Sunday, January 6, 2013

Make Me Up

I first started using makeup against my mother's rules when I was 12. She wanted to shield my sisters and me from looking too old and too slutty I think. Protect us from what we didn't know. A noble gesture, but I needed that foundation and powder to cover up my acne. Puberty was not kind to me in some ways. I had this greasy face with painful pimples popping up mostly on my chin and around my mouth. Not even two bouts of accutane could stave it off. And makeup was the only thing that made me think no one could see all my facial scarring. It was a necessity. 

Thankfully, once I was about 22 my face cleared up and all I needed before I left the house was a splash of powder and a sweep of mascara so I didn't look like I had just woken up. Up until a few months ago, I had one or two tricks I could pull out for a wedding or a night out. It was my friend Di who changed my mind. She would come to work pulling off funky orange lipstick and vibrant colors on her eyes. It's silly but I was always scared to wear something bold like that. But Di sees clothing and makeup as an extension of her creative self. With a little guidance and some encouragement, Di had me lining my eyes with liquid with the tiniest flair of a cat eye. It's fun. I can't do much else. But it's nice to have a third trick up my sleeve. 

Next up: the smoky eye:

Wednesday, January 2, 2013

Just Be a Queen

So I have a confession over this little thing that I am obsessed with. My friends Craig and David introduced me to this world. They didn't know the beast that awakened and my complete lack of self control when it comes to drag queens, specifically as featured on RuPaul's Drag Race.

What's not to love? It's boys playing dress up. The premise of the show is America's Next Top Model meets Project Runway but it's fun because the gays are involved. Now, in some circles I know I'm late to the game. There are blogs, live video chats, RuPaul Barbie dolls.

The cult culture aside, there is something I find deeply alluring about these ladyboys. There is a depth to these performers that I haven't ever seen. Yes, yes, it's about glitter and big hair, fake boobs and lip syncing to Beyonce, but it's all about entertainment--on sometimes the crudest level. I could stand to learn a lesson or three from these ladies about self confidence and sexiness. I'm basically afraid to be sexy--what if I embarrass myself? I'll think a little about the queens--they can't care if people think they're weird or crazy, that would stop everything. They're out (of the closet and on the town) having fun and making people laugh, cry (yes, I've done it) and sing along. It's inspiring even on the smallest sense. If they can dress as a woman, I think I can put on a little red lipstick.

Do yourself a favor and watch the previous seasons on or Netflix. Below is a video of one of my favorite drag queens, Raven, in a music video for MNDR.

Thursday, December 20, 2012

Holiday Cheer

This little garland is my Christmas tree. It was December 1 when I first wrote this and snowing in Boston. Light, flaky snow that has been coming down slowly all day. It is coating the trees and bushes in what looks like sugar cookie icing and dissolving when it hits the streets. I am into the holiday spirit and counting down the days until I fly home for an entire week.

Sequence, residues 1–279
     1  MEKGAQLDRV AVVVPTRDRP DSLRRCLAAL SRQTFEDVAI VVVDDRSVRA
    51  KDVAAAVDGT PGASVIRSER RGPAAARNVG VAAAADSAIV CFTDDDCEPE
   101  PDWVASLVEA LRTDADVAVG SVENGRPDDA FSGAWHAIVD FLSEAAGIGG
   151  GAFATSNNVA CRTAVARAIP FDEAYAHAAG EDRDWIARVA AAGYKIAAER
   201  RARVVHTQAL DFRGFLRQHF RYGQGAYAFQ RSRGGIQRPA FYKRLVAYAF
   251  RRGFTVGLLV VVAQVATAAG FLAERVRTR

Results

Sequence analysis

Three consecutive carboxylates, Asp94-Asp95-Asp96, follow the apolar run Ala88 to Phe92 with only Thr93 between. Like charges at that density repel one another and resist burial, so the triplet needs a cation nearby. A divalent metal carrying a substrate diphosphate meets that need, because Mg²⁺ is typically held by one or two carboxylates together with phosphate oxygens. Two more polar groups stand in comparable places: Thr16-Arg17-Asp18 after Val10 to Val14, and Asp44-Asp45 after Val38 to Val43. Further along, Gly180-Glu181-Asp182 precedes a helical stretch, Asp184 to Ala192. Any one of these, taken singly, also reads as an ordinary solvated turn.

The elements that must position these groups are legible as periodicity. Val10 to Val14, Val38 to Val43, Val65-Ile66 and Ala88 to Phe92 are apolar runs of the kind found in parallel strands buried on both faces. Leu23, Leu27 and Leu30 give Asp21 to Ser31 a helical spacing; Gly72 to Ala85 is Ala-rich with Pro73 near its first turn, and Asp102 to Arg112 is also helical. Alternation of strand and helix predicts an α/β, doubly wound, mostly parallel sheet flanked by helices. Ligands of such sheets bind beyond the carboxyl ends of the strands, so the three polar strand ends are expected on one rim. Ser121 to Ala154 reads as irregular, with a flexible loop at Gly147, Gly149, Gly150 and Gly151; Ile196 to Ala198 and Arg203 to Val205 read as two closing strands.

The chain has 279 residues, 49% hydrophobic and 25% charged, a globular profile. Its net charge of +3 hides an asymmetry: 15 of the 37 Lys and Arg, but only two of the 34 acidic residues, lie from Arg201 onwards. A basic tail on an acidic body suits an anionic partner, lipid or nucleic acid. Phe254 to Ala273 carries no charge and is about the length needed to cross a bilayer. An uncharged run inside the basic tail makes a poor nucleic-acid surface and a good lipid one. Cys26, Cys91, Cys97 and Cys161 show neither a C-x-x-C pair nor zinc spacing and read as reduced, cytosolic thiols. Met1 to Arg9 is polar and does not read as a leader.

I'm getting used to this new city and my new apartment bit by bit. I almost always know where I put items in the kitchen, and I've got the light switches down. It so strange and frankly disorienting to be in an all new place, especially one as confusing as Boston where none of the streets lead where you think they should. It's like we're on a different plain, and I don't quite know north from south. However slowly, things are becoming ever so slightly more like home. And if my home includes a hearth like this and art-deco inspired yet flawed floor tiling, then I think I like it. 

Wednesday, October 31, 2012

Levi Strauss

I have been thinking lately that I might have to give up my blog. I'm in a new city now and with that comes this change of life's season. I started the blog eight years ago to chronicle my escapades and fiascos in the kitchen. Of which there have been many, many of which have paralleled my life in some way allowing me to make easy analogies about fires, stolen tomato plants, and throwing things together but having it all turn out OK in the end. It's been fun. I can't give it up completely. But things need to change.

I can't really write recipes because of this new job I have writing recipes, but nor do I want to. I spend all week cooking, my blog needs to be an outlet of a different sort. I'm not really sure what will rise up from the ashes, but I don't really care. I'm sure that after a year of incredibly sporadic updates, nary a soul is still reading, so I will just go ahead and be as self indulgent as the next blogger and qualify myself to write unoriginally and to steal images from the interwebs to make my meager and dull words more compelling.

Let my first official new post be about style.

I wish I came of age in the 70s. I adore the high waist. It's slenderizing, it's clean, it makes me look taller. It makes a plain T-shirt look like something. The cashier at Macy's does not understand this. I did not understand this when I was a young wippersnapper judging my mom's old tapered jeans that made it nearly to her belly button. Those were the 90s, when I was wearing low low low waisted pants a la Britney Spears. Do you all remember those days? That was not a good look. She probably had to shave, like down there, to wear those jeans. It was so obvious, no mystery--just tight tops, sequins and bootiliciousness.